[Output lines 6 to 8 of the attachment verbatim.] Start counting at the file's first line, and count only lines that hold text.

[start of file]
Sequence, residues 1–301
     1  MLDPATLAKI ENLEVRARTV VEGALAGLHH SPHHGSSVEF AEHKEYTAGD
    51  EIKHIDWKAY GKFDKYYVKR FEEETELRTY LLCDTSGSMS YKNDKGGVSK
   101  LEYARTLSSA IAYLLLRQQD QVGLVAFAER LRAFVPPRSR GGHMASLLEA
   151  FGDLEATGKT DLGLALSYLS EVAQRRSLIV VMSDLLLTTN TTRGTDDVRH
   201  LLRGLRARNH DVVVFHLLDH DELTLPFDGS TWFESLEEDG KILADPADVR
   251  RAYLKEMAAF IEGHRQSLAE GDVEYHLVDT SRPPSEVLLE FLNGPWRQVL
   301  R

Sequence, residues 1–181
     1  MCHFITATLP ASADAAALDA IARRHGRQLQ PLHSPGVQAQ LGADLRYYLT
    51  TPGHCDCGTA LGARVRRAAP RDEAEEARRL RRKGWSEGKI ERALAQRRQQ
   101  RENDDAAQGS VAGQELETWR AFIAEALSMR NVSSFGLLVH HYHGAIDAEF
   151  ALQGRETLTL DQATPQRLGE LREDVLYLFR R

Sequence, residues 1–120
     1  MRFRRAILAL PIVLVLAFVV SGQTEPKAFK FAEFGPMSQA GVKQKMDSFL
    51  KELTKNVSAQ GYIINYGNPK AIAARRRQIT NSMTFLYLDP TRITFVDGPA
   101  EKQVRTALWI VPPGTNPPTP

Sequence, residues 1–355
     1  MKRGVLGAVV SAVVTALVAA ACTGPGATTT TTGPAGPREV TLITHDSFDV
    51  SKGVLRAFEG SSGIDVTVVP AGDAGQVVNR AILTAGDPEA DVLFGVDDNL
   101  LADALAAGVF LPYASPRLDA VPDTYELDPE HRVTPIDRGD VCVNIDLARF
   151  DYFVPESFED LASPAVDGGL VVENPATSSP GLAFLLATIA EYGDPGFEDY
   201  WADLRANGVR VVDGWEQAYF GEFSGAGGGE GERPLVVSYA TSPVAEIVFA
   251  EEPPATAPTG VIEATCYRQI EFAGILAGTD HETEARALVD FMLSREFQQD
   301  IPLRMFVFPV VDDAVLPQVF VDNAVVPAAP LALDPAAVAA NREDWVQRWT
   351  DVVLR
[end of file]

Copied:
   201  LLRGLRARNH DVVVFHLLDH DELTLPFDGS TWFESLEEDG KILADPADVR
   251  RAYLKEMAAF IEGHRQSLAE GDVEYHLVDT SRPPSEVLLE FLNGPWRQVL
   301  R